- A little over half of Independents (51.1%) support legalization
- Voters who lean toward GOP support legalization with 44.7%
- Even strong GOP voters still support legalization with 43.5%
Surprisingly, the greatest indicator on a voters’ position is not party affiliation, but rather on past behavior. Forty-seven percent of voters polled stated they have smoked marijuana while forty-nine percent said they have not.
- For voters who have tried marijuana in the past, 72.7% were in favor of legalization
- For voters who have never tried marijuana, only 40.6% were in favor of legalization
However, with fifty-seven percent of Michigan voters admitting that they were in favor of some measure to legalize recreational marijuana, it seems that Michigan is heading toward a vote sometime this year. The Michigan Regulation and Taxation of Marihuana Act is likely to come to Michigan voters in November.
The Michigan Regulation and Taxation of Marihuana Act
The ballot measure proposes establishment of a statewide commercial marijuana production and sale licensing program. Adults 21 years old and older may possess up to 2.5 ounces of marijuana for personal use. They would also be able to grow up to 12 marijuana plants at home.
In addition to growing plants for personal use, there would be state-approved dispensaries. A 10 percent excise tax and 6 percent sales tax would accompany any sales from these dispensaries with the proceeds going to K-12 public schools, road construction, and local governments. Each local government would be given the option to allow marijuana businesses in their communities.
In addition to marijuana, hemp is part of the discussion for legalization. Hemp, a low tetrahydrocannabinol (THC) cannabis plant used for cultivation, is used to make textiles, food, clothing, and cannabidiol (CBD) hemp oil. Legal in all 50 states, CBD oil is already used by many people.
In order to secure a spot on the upcoming general election ballot, 252,523 signatures were needed. Last November, 363,000 signatures were submitted by the Coalition to Regulate Marijuana Like Alcohol. However, Michigan’s secretary of state has not yet approved the measure formally.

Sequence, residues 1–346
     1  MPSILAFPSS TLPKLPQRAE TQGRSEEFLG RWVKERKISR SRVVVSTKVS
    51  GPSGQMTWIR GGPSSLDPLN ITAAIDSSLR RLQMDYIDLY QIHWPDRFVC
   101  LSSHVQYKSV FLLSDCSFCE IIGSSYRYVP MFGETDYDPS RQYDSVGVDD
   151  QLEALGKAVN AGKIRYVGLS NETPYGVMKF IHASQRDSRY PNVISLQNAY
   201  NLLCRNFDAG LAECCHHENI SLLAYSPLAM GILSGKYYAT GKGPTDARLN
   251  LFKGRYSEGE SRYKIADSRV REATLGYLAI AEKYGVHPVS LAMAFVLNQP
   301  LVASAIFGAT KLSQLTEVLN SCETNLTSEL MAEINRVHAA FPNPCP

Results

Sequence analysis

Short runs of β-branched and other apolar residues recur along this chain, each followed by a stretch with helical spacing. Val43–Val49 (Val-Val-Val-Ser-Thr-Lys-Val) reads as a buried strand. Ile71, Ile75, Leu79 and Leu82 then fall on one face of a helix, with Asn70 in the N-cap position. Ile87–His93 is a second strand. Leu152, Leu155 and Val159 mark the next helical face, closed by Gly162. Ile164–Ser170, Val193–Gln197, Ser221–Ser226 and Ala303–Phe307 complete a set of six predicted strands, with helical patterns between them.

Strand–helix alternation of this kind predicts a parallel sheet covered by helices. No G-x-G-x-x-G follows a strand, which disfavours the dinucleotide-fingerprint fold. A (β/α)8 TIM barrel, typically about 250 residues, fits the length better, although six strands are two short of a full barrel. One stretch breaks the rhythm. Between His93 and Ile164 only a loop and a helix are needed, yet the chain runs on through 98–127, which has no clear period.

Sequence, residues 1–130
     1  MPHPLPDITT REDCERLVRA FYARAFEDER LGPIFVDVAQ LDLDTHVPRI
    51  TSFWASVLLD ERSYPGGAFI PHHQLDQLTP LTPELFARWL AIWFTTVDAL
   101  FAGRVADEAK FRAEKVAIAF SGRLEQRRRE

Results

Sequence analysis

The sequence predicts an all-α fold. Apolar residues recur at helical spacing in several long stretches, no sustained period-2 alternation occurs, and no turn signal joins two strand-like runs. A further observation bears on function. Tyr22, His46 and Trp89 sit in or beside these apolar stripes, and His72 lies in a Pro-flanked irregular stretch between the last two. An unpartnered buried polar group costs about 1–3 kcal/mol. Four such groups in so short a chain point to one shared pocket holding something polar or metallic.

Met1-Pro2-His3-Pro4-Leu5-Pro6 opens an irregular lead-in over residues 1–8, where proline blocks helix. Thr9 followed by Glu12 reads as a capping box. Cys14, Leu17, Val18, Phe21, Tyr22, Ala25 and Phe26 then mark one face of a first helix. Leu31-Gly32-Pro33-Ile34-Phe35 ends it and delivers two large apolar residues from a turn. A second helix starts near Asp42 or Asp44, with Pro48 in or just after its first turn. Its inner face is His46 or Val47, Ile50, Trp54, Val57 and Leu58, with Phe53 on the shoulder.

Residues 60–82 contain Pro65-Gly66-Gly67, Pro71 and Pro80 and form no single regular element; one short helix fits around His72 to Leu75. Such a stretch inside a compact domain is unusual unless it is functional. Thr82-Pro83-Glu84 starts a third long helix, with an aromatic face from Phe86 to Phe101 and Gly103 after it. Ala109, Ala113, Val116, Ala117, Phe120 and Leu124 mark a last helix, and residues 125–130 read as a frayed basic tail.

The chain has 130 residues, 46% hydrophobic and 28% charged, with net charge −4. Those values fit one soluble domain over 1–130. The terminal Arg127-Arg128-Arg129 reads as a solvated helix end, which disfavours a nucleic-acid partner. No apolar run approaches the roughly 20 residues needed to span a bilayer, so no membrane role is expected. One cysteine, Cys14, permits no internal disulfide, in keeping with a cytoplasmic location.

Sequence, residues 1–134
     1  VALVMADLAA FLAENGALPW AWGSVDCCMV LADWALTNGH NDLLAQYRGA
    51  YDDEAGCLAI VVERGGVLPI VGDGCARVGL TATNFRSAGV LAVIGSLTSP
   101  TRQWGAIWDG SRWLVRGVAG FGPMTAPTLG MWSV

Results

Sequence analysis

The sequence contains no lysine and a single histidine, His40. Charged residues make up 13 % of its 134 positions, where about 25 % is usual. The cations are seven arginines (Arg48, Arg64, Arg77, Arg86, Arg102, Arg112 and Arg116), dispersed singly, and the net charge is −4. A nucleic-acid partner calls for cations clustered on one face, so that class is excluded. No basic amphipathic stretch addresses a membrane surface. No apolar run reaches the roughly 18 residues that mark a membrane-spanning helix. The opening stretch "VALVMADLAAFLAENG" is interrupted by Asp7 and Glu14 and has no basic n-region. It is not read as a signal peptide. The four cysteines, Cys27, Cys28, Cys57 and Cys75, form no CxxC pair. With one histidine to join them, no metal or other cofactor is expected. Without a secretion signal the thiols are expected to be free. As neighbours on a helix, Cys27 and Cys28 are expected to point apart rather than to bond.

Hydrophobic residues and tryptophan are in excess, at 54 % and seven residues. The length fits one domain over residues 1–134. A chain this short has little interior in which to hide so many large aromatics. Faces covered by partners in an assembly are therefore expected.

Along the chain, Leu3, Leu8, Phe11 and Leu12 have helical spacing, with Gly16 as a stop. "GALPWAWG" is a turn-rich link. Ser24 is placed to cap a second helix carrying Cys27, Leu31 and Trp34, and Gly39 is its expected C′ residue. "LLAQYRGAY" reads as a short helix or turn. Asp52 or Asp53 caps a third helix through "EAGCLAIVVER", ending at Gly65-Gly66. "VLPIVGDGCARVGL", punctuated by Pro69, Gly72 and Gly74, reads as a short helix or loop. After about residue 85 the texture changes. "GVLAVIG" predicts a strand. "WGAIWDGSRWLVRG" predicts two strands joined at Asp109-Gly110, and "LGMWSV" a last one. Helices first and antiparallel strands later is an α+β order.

The Coalition to Regulate Marijuana Like Alcohol gains support from both national and local advocacy organizations such as:
- The Marijuana Policy Project
- The National Cannabis Industry Association
- The ACLU of Michigan
- The Drug Policy Alliance
- Michigan NORML
- The National Patients’ Rights Association
- MI Legalize
If passed in November, Michigan would be the tenth U.S. state to legalize recreational marijuana. As one of the 29 states to already have legalized medical marijuana, Michigan seems to be in step the with direction of U.S. voters.
Other States Considering Marijuana Legalization This Year
Michigan is not alone in putting forth marijuana legislation in 2018. Other states include:
- Vermont – In early 2018, Vermont lawmakers moved to approve recreational marijuana. Governor Phil Scott signed the law into effect January 22 of this year.
- New Jersey – Governor-elect Phil Murphy has pledge to sign legislation for adult use marijuana within his first 100 days in office. Although, this depends on a Democrat-led Legislature sending the new governor a bill to sign.
- Delaware – A 25-member panel called the Adult Use Cannabis Task Force is expected to release a report in February evaluating the impact of legal cannabis in the state.
- Rhode Island – As neighboring states Main and Massachusetts have implemented their own policies, Rhode Island lawmakers are hoping to have some type of legislation passed on recreational marijuana before July 2018.
- Connecticut – In 2017, the Hartford City Council approved legalizing recreational marijuana. Although this was a symbolic move, it was hoped to spur conversation in the statehouse of legalization.
- Ohio – Responsible Ohio, a group campaigning to legalize recreational marijuana, is currently collecting signatures for a ballot proposal for 2018.